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MDR1-MDCK - Setting up assay (Mar/27/2010 )

Hi all,

I'm trying to setup MDR1-MDCK assay. I have lots of literature but most seem to be lacking a detailed procedure.

I know most start at 10um test compound. However what is volume of buffer in the 24 well plates?

Also where can I purchase MDR1-MDCK cell line? Any help would be greatly appreciated!

Thank you

-firstlast2929-

10 uM is a concentration, it is independent of volume. I use 0.5 ml medium per well of a 24 well plate, but you could probably range between 0.15 and 1.0 ml without too many side effects.

-bob1-

bob1 on Mar 28 2010, 08:07 PM said:

10 uM is a concentration, it is independent of volume. I use 0.5 ml medium per well of a 24 well plate, but you could probably range between 0.15 and 1.0 ml without too many side effects.



Thanks for the reply!

Do you know where I can purchase the cell line?

Thanks

-firstlast2929-

firstlast2929 on Mar 28 2010, 06:07 PM said:

bob1 on Mar 28 2010, 08:07 PM said:

10 uM is a concentration, it is independent of volume. I use 0.5 ml medium per well of a 24 well plate, but you could probably range between 0.15 and 1.0 ml without too many side effects.



Thanks for the reply!

Do you know where I can purchase the cell line?

Thanks



ATCC, or you can ask someone to give you one vial.

-Eric-

Eric on Mar 31 2010, 12:44 AM said:

firstlast2929 on Mar 28 2010, 06:07 PM said:

bob1 on Mar 28 2010, 08:07 PM said:

10 uM is a concentration, it is independent of volume. I use 0.5 ml medium per well of a 24 well plate, but you could probably range between 0.15 and 1.0 ml without too many side effects.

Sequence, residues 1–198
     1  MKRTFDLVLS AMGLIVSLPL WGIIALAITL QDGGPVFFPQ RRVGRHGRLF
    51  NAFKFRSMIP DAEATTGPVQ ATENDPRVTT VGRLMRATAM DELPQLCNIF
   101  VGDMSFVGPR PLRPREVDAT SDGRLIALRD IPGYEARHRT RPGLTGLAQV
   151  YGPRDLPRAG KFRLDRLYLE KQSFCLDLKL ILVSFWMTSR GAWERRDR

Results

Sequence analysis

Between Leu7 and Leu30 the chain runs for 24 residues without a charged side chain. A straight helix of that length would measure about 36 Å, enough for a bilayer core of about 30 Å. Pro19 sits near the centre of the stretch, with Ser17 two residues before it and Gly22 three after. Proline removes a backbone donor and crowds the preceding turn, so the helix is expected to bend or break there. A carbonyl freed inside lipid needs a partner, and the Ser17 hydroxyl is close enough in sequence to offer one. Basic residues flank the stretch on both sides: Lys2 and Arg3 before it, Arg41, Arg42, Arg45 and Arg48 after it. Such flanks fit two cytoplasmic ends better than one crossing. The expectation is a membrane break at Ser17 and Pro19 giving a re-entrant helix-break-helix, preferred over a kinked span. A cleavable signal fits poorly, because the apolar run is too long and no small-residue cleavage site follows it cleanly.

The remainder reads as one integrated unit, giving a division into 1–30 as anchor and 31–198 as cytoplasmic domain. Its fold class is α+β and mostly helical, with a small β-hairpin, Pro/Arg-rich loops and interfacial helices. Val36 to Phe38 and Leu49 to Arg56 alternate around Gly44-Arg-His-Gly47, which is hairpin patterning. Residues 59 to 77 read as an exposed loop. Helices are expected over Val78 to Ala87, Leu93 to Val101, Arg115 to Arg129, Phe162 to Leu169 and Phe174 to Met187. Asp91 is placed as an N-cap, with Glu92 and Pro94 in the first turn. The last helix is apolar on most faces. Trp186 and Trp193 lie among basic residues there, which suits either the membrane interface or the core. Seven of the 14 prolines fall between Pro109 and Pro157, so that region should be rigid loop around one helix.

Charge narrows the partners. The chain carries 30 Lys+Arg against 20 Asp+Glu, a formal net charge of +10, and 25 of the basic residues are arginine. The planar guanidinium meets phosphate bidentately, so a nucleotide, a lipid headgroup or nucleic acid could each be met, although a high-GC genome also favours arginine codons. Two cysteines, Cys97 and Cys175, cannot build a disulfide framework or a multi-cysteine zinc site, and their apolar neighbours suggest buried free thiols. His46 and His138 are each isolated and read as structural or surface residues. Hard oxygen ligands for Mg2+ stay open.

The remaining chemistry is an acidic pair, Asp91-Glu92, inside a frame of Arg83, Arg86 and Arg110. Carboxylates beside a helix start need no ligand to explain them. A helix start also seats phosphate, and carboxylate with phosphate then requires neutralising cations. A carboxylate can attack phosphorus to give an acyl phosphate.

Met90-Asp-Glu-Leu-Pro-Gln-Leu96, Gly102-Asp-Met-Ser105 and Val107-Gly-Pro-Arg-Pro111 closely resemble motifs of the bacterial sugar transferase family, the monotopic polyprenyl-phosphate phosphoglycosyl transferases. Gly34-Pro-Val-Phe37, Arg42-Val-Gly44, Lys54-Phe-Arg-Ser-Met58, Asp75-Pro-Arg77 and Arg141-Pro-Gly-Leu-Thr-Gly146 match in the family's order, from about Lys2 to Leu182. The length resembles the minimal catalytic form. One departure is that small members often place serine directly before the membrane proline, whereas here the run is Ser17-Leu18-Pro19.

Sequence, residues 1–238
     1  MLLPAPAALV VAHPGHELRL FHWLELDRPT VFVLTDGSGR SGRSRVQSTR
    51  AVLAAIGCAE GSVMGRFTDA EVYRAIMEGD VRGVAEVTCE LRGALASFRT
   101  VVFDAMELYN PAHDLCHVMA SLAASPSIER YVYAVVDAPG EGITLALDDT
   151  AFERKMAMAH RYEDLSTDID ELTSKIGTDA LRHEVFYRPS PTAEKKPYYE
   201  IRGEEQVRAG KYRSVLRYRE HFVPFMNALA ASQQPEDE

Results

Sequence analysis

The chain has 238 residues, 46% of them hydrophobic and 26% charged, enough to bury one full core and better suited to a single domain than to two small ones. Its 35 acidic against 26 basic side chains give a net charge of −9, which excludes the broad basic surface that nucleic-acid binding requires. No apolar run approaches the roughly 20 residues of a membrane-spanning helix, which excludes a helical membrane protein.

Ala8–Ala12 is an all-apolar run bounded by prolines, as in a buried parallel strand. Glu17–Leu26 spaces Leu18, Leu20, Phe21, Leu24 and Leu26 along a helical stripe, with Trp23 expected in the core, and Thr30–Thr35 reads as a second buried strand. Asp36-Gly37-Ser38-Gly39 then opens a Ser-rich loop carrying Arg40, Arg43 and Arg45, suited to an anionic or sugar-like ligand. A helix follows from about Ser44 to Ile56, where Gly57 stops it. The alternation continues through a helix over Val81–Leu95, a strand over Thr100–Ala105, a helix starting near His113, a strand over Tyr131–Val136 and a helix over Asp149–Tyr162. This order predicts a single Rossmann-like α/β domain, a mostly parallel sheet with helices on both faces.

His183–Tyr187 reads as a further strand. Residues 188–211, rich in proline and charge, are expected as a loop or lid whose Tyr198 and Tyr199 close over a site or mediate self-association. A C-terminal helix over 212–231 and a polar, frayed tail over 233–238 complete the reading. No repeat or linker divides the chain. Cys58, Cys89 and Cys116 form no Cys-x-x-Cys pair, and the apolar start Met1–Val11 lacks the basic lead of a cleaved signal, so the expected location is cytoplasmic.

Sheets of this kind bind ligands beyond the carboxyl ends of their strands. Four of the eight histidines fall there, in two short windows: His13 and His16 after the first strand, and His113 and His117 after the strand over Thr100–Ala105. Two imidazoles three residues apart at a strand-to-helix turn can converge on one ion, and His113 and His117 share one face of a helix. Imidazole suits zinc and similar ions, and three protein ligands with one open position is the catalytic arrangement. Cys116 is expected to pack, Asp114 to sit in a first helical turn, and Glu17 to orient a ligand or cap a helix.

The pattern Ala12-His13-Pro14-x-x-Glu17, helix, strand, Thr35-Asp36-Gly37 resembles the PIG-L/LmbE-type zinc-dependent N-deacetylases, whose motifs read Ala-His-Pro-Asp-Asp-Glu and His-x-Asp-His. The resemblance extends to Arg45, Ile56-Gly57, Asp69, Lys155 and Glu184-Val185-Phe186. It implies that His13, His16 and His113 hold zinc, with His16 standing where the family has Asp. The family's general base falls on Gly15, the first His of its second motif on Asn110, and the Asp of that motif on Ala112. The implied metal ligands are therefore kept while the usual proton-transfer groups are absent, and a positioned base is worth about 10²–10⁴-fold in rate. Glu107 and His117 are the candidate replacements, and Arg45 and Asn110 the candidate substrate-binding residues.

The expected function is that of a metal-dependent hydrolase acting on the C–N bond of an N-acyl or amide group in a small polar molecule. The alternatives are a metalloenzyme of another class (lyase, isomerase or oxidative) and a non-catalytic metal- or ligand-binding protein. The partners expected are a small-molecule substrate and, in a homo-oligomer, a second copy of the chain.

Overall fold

Thanks for the reply!

Do you know where I can purchase the cell line?

Thanks



ATCC, or you can ask someone to give you one vial.


Sry, no MDR1-MDCK cells in ATCC it seems.

-Eric-

Thanks for all the help!

It seems most people are getting the cells from NIH. Does anybody have a contact there I can contact about getting a vial?

Also I am little confused about something.

I will be using LC/MS for quantifying the data.

If 10um is added to the A-side, after 1 hour incubation, I will sample from A and B sides. How do I quantify? Do I need use a reference at 10um? Or do I just sample from A and B compare the the mass area from the two?

Thanks again for any help!

-firstlast2929-

The reason MDR-1 MDCK cells don't appear to in the regular ATCC catalog is because they are covered by two US patents, and if you need to start using them, there's an annual fee you'll need to pay, in addition to a lofty charge per vial of actual cells. You need to talk to the Office of Technology Transfer at the NIH about procuring a use license for these cells, and paying the licensing fee. They manage the patented materials, and once you have a license with them, then the ATCC will release a vial of cells to you or your company. The person I was put in contact with about obtaining a license for these cells is:

David Lambertson, PhD
Senior Licensing and Patenting Manager
301-435-4632
lambertsond@od.nih.gov

I got his contact information from the NIH OTT website.

As for the assay, 10ÁM is pretty high. I only say that because it's possible you might start to saturate the MDR-1 transporter if you're dealing with a potent substrate. What you want to see is high basolateral-to-apical flux but much reduced apical-to-basolateral flux with these cells for any compound that's a substrate of MDR-1. Common positive controls include Vinblastine, Verapamil, and Cyclosporin-A. Digoxin also works but doesn't fly very well with MS based detection. Propranolol is a good negative control as it has very high permeability in both directions, and hence no efflux ratio (B-to-A transport / A-to-B transport).

1ÁM to 2ÁM is a good place to start. This conc should give you really good MS detection, even for poorly fluxed compounds where there's only a little compound in the receiver side. We use an API3000 MS, and it works just fine. For quantitation, what we do is monitor the molar flux of compound in time, say a 1 hour incubation, and set it up as a ratio against the molar mass of compound you started with on the donor side. Your calculation must take into account the receiver side volume because concentration is dependent on it. Equal flux into a smaller volume will yield higher concentration (hence, higher peak areas). Hope this helps.

-KDeMent-